9th Feb 2014

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From: Anne & Lynn Wheeler <lynn@garlic.com>
Subject: Re: 9th Feb 2014
Newsgroups: alt.folklore.computers
Date: Sun, 09 Feb 2014 08:54:45 -0500
Ahem A Rivet's Shot <steveo@eircom.net> writes:
A few years later IBM "stuffed up" equally thoroughly when they tried to compete against the clone makers with the PS/2. The only thing that lasted from that debacle was the mouse and keyboard connector and USB eventually killed even that.

I would harass the PS2 division by posting clone quantity 1 prices from sunday sjmn on the internal network ... old post with pieces of post
http://www.garlic.com/~lynn/2001n.html#82 a.f.c history checkup... (was What specifications will the standard year 2001 PC have?)

at the time there was an internal joke that they lost $5 on every ps2 sold, but they were going to make it up in volume. the head of ps2 at the time had come over from the mainframe division (long ago and far away he had con'ed my wife into coming over from the JES2 group to be responsible for loosely-couple architecture ... aka mainframe for cluster). He then contracted with dataquest (since bought by gartner) to do a study of where PCs were going .. including a video taped roundtable of silicon valley experts. I knew the person at dataquest and they asked if I would be part of the roundtable ... I cleared it with my management ... and dataquest managed to garble who I was so it wasn't glaringly obvious to the PS2 people who I was. past posts mentioning the dataquest study
http://www.garlic.com/~lynn/2002k.html#55 Moore law
http://www.garlic.com/~lynn/2004.html#34 Two subjects: 64-bit OS2/eCs, Innotek Products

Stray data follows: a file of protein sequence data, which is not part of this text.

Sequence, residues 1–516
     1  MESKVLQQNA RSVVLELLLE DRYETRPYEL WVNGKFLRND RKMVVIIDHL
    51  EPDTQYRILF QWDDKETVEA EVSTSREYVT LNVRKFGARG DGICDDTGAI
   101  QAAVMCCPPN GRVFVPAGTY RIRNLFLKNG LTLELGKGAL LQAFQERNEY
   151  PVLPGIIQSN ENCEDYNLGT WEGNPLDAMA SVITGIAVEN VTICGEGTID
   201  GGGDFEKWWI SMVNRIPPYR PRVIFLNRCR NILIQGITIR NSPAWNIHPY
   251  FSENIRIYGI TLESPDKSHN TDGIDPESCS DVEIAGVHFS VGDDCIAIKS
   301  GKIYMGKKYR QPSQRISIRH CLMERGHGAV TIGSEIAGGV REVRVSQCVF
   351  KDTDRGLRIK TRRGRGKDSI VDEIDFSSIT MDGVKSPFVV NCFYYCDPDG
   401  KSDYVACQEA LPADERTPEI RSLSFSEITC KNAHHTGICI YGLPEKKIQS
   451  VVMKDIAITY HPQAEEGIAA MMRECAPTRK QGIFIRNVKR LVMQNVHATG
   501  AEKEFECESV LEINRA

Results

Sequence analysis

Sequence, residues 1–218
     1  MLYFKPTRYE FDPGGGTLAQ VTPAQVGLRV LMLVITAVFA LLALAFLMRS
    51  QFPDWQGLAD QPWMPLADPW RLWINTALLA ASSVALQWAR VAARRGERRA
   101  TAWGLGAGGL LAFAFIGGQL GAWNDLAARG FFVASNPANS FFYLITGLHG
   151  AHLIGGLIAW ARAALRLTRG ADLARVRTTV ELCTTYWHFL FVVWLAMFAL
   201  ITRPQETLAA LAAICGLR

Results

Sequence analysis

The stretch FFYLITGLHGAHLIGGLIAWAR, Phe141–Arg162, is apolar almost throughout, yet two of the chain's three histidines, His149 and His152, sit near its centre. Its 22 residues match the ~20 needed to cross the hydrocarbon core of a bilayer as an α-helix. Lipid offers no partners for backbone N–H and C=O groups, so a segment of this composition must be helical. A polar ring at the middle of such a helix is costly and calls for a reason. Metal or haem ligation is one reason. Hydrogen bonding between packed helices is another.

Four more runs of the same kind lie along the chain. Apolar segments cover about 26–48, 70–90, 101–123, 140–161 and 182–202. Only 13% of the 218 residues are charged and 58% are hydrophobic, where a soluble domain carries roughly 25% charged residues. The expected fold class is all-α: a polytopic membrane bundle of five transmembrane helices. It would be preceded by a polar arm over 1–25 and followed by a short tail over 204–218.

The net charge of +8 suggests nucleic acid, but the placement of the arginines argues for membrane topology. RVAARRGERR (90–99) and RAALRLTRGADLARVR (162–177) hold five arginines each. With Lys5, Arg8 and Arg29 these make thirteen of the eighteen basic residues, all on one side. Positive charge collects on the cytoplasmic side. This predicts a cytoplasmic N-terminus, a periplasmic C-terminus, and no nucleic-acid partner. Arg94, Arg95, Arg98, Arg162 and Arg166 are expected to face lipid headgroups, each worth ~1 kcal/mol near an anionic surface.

http://www.garlic.com/~lynn/2005t.html#21 What ever happened to Tandem and NonStop OS ?
http://www.garlic.com/~lynn/2007g.html#81 IBM to the PCM market
http://www.garlic.com/~lynn/2007h.html#0 The Perfect Computer - 36 bits?
http://www.garlic.com/~lynn/2008d.html#60 more on (the new 40+ yr old) virtualization
http://www.garlic.com/~lynn/2008o.html#5 Houses
http://www.garlic.com/~lynn/2008o.html#6 Houses
http://www.garlic.com/~lynn/2009b.html#69 Intel's Future is integrated
http://www.garlic.com/~lynn/2010.html#62 How long before Microsoft goes the way of DEC (and in part, IBM)?
http://www.garlic.com/~lynn/2010c.html#10 Happy DEC-10 Day
http://www.garlic.com/~lynn/2010c.html#78 SLIGHTLY OT - Home Computer of the Future (not IBM)
http://www.garlic.com/~lynn/2012k.html#44 Slackware
http://www.garlic.com/~lynn/2013i.html#4 IBM commitment to academia

--
virtualization experience starting Jan1968, online at home since Mar1970

The PDP-8/e and thread drifT?

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From: Anne & Lynn Wheeler <lynn@garlic.com>
Subject: Re: The PDP-8/e and thread drifT?
Newsgroups: alt.folklore.computers
Date: Sun, 09 Feb 2014 14:40:10 -0500
jmfbahciv <See.above@aol.com> writes:
1984 was just the beginning of new theme which was called distributed processing. PCs were still toys and designed to run a single job. That is not distributed processing.

we get LANs and client/server ... evolving also into distributed processing.

San Jose disk division had client/server LAN project called DataHub with a lot of software being implemented under work for hire contract by a operation in Provo. The project gets shutdown and the operation in Provo is allowed to retain rights to the software they had been doing. Shortly afterwards a new client/server LAN company appears in Provo (starts with letter "N"). past reference to DataHub presentation at corporate adtech conference I sponsored the spring of 1982
http://www.garlic.com/~lynn/96.html#4a John Hartmann's Birthday Party